It sounds exotic, expensive and exclusive. It’s been around since 2007 or maybe even before that, but it’s been thrown into the foreground recently by a TD survey.
The survey found that approximately ¾ (74 per cent) of Canadians have already taken or are interested in taking an experiential vacation, and almost 2/3 (62 per cent) would consider it if they could find ways to save on the cost of those trips.
The survey found that most people would consider an experiential vacation if costs are reasonable. Although visiting with family and friends or relaxing on a beach or by the pool are still important reasons for taking a vacation, a growing number of people are considering more adventurous travel.
So what constitutes an “Experiential Vacation?”
Come on… didn’t you know that it’s “The biggest trend in travel today?”
But what is it?
Well, apparently “consumers are seeking active, adventure, educational and experiential travel over traditional resorts or group bus tours.” And these people “see themselves not as tourists but as voyagers, they want an alternative to bus tours and straight leisure travel. Adventure travel is all about sight-doing, instead of sight-seeing.”
Oh, so it’s a vacation then…
At TravelBloggers.ca we’ve always promoted or encouraged people to take a more adventurous vacation – especially one that won’t break the bank or leave you paying off for years to come. “Experiential vacations” shouldn’t cost more than an ordinary vacation – in fact in many case it could be cheaper.
According to the TD survey, the cost of travel was the deciding factor (79 per cent) in deciding in what kind of vacation to take, with more than ½ (53 per cent) of those surveyed expecting an experiential vacation to cost more than a normal one.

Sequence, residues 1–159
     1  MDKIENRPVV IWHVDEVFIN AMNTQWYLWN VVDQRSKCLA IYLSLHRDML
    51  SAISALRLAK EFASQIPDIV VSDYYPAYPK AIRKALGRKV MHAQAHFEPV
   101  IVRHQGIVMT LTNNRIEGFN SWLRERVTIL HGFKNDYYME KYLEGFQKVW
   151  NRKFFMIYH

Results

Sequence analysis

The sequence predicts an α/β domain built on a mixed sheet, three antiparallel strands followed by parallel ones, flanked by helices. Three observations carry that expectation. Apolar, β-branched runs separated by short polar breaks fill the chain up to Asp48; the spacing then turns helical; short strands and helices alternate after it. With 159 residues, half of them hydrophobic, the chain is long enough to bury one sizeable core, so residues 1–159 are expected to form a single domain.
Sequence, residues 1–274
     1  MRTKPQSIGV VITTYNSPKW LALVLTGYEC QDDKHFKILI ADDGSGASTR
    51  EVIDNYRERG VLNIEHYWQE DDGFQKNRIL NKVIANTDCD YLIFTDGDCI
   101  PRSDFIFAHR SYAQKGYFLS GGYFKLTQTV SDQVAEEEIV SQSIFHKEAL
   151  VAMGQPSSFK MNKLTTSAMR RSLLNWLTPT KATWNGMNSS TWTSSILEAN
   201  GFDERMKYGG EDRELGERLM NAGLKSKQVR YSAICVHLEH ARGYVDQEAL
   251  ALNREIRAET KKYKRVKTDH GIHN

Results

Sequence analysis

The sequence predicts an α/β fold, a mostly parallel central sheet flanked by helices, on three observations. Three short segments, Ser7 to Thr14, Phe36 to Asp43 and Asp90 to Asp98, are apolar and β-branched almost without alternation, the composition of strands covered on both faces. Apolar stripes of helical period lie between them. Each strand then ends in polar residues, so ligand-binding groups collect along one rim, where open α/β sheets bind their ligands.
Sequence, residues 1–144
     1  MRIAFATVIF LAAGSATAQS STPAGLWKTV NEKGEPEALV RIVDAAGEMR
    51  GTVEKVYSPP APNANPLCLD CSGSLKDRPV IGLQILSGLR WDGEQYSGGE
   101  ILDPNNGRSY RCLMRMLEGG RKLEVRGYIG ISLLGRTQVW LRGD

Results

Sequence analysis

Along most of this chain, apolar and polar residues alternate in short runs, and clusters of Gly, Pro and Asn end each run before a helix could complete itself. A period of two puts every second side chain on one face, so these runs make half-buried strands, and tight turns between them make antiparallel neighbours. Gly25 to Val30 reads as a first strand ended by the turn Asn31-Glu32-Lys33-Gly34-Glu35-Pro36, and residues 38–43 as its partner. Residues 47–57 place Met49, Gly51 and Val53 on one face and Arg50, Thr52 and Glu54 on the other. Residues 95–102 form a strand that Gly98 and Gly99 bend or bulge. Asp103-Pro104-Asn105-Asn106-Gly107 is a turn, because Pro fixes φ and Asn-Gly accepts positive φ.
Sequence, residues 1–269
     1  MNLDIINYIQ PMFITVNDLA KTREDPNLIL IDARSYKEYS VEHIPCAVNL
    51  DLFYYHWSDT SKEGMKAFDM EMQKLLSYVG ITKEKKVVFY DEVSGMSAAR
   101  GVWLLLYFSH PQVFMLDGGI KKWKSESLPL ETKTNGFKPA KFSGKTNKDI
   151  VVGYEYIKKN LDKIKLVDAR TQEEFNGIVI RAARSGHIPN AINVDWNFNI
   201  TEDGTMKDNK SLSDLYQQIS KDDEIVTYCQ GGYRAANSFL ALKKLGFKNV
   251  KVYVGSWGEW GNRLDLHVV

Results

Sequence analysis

Obviously if you take a more exotic trip – like an African Safari, you can expect a hefty price tag, but there are plenty of less expensive options available.
When a bank releases a survey about travel, it can only be for one reason – to promote their products – and here is the crux of the “big news”…
“A great way that can help reduce the cost of experiential tourism is to pay for some of your travel purchase costs with loyalty travel rewards that you earn when you make purchases with a travel rewards credit card, for example, under the TD Travel Rewards Program, Credit Cardholders can have access to benefits such as travel insurance and preferred car rental rates, and other advantages depending on which card works best for you.”
Actually that makes sense – we use credit cards all the time for specific reasons like additional Aeroplan miles and cash to spend in grocery or hardware stores.
This is where I laughed out loud… from the TD spokesperson:
- Create a vacation savings account – identify where day-to-day savings can be made. Then put those extra dollars into a high-interest savings account, which can grow into a nice holiday fund. For example, saving $25 a week can generate $1,300 in a year that you can use for your vacation. (Do the calculations on this… 25 x 52 = 1,300 – where is the high-interest applied in this instance?!)
- Look for free or inexpensive activities:Research prices online and see if savings can be made by booking activities before reaching your vacation destination. (DUH)
So, have you ever thought about taking an “Experiential Vacation?”
Apparently we’ve been taking them for 20+ years and didn’t know it… at least now there’s a label attached to it we can feel confident when we embark on our next adventure that we’re actually doing something meaningful and trendy.
But all this got us to thinking: why not share some of our tips on what we do to save money every day so that we have more to spend on our next vacation/adventure. Oh, wait we already did that!
Check out our article – Wish You Had More Money Travel? 12 Tips to Help You Reach You Goal.
Copyright © 2015 Iain & Gail Shankland / TravelBloggers.ca (at) Gmail.com
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Iain Shankland & Gail Shankland started blogging in order to inspire and motivate people to travel the world from their perspective – specializing in having the most fun while using the least amount of money, travelling on the cheap without sacrificing comfort.
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